Our best technique for keeping everyone happy while travelling is letting everyone give input on our activities. Our second day in Paris we let the boys choose. Thomas wanted to go to a World War II battle field but since there are none in Paris, we went to the next best thing: The Museum of the Army. It is located in Les Invalides, which was built as a veteran’s hospital by Louis XIV.
The boys only saw a small part of the museum (I was at the Orsay, taking in the splendor of impressionist art at the time) and they’ve already told us they want to go back. They first checked out the armor – lots and lots of armor.
I’m told this is a manicure set. I’m not sure what that has to do with the army, but I guess everyone needs to trim their fingernails now and again.
Jeremy did not take many pictures. I was very
paranoid nervous that the camera battery was going to die since we used up the first battery on Saturday. I told him not to go crazy with photography – we still had plans to go to the Eiffel Tower and the Arc de Triomphe – and Andrew took me very seriously. Every time Jeremy saw something cool he’d say, “Let’s take a picture of that!” and Andrew would say, “NO!” (P.S. The battery did survive the duration of the trip but lesson learned – next time I’ll bring the charger!)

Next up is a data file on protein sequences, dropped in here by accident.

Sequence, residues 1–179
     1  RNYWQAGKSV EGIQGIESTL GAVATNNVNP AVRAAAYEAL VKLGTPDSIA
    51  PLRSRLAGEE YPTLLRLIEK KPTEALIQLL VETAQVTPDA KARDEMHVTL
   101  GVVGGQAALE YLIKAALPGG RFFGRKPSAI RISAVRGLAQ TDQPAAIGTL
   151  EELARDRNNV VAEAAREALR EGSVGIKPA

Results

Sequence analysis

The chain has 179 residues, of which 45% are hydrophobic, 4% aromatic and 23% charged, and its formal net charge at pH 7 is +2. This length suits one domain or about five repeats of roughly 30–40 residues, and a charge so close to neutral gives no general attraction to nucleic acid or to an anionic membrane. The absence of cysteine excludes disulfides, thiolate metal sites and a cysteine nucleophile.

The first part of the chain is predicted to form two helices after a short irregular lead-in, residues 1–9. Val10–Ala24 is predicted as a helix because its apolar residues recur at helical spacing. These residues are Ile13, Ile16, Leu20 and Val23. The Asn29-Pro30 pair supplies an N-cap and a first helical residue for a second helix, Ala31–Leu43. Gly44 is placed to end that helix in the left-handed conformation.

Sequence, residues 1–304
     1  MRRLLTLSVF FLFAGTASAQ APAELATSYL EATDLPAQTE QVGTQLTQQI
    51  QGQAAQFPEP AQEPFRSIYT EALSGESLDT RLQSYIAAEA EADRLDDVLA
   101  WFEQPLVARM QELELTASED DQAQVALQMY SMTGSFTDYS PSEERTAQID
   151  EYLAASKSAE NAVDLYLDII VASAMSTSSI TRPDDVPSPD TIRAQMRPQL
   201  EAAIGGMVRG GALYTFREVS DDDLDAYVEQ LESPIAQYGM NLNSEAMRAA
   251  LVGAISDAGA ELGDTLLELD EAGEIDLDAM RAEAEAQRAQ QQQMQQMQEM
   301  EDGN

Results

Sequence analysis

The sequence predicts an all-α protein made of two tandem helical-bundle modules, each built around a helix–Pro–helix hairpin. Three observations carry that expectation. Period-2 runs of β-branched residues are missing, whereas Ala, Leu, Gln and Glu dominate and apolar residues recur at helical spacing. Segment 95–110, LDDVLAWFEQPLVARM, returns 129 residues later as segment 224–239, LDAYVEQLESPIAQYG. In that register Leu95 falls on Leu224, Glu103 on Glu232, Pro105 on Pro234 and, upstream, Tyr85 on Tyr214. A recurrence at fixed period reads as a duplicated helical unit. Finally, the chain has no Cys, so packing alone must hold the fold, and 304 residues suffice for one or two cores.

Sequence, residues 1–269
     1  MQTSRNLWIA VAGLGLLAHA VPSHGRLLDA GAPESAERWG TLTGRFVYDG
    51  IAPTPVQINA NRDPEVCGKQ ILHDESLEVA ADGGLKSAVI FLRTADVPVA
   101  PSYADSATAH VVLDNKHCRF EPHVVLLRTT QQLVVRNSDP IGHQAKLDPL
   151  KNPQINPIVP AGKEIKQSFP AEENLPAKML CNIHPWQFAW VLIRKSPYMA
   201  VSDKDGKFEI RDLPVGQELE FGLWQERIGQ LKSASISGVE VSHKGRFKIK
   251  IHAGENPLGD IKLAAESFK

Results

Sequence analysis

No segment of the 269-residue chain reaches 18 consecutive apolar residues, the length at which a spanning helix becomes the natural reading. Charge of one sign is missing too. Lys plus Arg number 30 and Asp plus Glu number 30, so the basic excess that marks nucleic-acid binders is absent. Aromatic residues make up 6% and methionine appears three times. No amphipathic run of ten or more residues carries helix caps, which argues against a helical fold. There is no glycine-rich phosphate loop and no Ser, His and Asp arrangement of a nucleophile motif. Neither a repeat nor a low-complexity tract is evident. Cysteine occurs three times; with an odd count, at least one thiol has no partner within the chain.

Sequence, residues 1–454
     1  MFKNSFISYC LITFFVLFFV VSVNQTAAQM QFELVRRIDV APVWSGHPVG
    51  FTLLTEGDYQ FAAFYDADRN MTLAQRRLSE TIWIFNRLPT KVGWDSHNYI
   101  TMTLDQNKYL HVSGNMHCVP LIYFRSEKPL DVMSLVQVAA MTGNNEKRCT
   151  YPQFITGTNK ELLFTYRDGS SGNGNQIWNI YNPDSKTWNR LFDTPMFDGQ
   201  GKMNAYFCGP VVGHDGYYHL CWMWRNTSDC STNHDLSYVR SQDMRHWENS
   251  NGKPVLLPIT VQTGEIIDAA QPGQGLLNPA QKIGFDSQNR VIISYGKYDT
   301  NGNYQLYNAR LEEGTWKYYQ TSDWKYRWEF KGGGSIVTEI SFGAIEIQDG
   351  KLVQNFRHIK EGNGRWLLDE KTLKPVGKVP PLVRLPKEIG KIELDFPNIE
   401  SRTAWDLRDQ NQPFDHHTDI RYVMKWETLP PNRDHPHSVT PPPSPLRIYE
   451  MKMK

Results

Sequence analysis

Les Invalides also houses Napoleon’s tomb and the tombs of his family members.
After a quick snack and a visit to the bookstore, we walked along the Seine to the Tour des Egouts. We took a self-guided tour of the “guts” of Paris as Jeremy called it. It wasn’t Rick Steves who alerted me to this once-in-a-lifetime opportunity – it was the original Trivial Pursuit game. It was a Geography question (the blue pie piece) that asked, “What city’s sewer tour is highlighted in the Michelin travel guide?” I may have gotten that question wrong 20 years ago but I won’t miss it again!
We did not see any live critters, thankfully, just these stuffed ones.
Of course like all European museums there were mannequins.
I hate to spoil it for all of you who will be touring the sewer in the future but here’s what you’ll experience: Lots of different devices used for cleaning out the sewers, a history of the sewers, and yes, a bad odor. I was thankful to have a cherry chapstick in hand that I used to save my olefactory system.
After this tour I was certainly more thankful to all of those who keep this system running. Can you imagine the mess if they didn’t? The recognition and appreciation they receive is minimal, unlesss you’re this guy and your bust is on display where you did your life’s work. I did tell my children that if they want job security they should consider this for future employment.
In closing, be sure your camera battery is charged, don’t forget your chapstick, and don’t take your sewer system for granted.